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          Front Page




New Study of LANL Project Proposed

By John Fleck
Journal Staff Writer
          Federal officials say they plan to do a new study of the environmental effects of a proposed multibillion dollar Los Alamos plutonium lab.
        But the group that filed a lawsuit over the project said the new study does not go far enough, and work should be halted while an environmental review is completed.
        A Justice Department attorney notified the Los Alamos Study Group in a Sept. 17 letter that it plans a new environmental study of the Chemistry and Metallurgy Research Replacement Nuclear Facility.
        The Study Group filed suit in August, saying the studies on which the project was based, completed in 2004, do not adequately address the changed nature of the project. Estimated costs have increased since 2004, while the need for the nuclear weapons work to be done in the lab has changed with changes in U.S. nuclear weapons policy, the Study Group alleges in its lawsuit.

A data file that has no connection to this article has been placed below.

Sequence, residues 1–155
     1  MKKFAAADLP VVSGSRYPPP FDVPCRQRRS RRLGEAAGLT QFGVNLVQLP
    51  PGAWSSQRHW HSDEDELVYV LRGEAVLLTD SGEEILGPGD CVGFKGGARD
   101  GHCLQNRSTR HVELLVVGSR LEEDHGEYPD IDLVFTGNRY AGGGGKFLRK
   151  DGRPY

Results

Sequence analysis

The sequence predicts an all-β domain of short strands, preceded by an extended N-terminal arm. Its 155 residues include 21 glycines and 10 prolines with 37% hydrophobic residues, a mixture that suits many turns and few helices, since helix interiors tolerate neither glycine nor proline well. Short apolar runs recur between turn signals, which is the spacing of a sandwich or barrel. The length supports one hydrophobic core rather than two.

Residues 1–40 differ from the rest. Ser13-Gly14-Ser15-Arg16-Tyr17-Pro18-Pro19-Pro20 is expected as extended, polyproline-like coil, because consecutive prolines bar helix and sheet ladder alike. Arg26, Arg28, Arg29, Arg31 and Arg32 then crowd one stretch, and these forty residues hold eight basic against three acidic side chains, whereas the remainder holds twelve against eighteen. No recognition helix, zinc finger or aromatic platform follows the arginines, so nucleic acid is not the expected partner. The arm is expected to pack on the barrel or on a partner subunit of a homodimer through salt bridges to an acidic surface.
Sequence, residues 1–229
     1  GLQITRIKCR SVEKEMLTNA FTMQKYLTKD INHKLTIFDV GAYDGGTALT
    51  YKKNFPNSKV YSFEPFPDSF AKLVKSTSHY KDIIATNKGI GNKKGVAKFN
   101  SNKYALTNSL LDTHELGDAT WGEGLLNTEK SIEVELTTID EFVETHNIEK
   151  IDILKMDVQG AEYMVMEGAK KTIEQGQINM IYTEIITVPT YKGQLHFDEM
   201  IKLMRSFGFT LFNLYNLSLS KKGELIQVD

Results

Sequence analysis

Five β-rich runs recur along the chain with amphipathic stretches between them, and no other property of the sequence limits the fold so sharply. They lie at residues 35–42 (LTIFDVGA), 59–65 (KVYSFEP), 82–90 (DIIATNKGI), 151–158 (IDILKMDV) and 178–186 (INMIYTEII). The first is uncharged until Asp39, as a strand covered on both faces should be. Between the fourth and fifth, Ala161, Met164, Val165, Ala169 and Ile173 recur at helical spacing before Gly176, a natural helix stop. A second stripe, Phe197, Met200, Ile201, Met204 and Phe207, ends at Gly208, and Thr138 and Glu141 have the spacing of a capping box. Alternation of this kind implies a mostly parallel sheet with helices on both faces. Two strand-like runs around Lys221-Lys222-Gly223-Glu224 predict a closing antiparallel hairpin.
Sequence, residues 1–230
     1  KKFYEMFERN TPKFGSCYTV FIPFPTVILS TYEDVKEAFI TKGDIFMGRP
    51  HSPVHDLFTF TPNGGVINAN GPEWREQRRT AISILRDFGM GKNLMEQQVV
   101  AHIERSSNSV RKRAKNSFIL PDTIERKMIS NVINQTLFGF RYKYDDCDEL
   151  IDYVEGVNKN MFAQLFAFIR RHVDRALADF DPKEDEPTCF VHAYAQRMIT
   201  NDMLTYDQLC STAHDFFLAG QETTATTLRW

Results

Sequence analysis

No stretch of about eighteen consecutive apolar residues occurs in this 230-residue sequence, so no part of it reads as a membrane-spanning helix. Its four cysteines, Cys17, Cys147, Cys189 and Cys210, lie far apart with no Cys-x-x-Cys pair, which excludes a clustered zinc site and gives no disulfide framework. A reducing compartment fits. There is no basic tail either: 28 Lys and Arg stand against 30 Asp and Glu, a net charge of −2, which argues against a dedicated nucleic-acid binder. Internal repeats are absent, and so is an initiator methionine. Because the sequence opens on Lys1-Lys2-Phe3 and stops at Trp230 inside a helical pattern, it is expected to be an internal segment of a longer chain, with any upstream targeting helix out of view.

The project would replace the lab's 55-year-old Chemistry and Metallurgy Research building, which federal safety auditors recently reported was "seismically fragile and poses a continuing risk to workers and the public."
        Federal nuclear program managers have been trying to replace CMR for two decades, but the projects have been repeatedly delayed because of rising costs and other problems. The most recent cost estimate for the project was $4 billion.
        In the Sept. 17 letter, Justice Department attorney John Tustin said the National Nuclear Security Administration has decided to complete a new "Supplemental Environmental Impact Statement" on the project.
        Tustin asked the Study Group to drop its lawsuit because of the new study, but in a letter Wednesday, the organization's attorney declined.
        A "supplemental" study is too limited to deal with a project that "has transmuted into an endeavor entirely different from that which was proposed and examined" when the project was first studied in the early 2000s, wrote Thomas Hnasko, the group's attorney.
       





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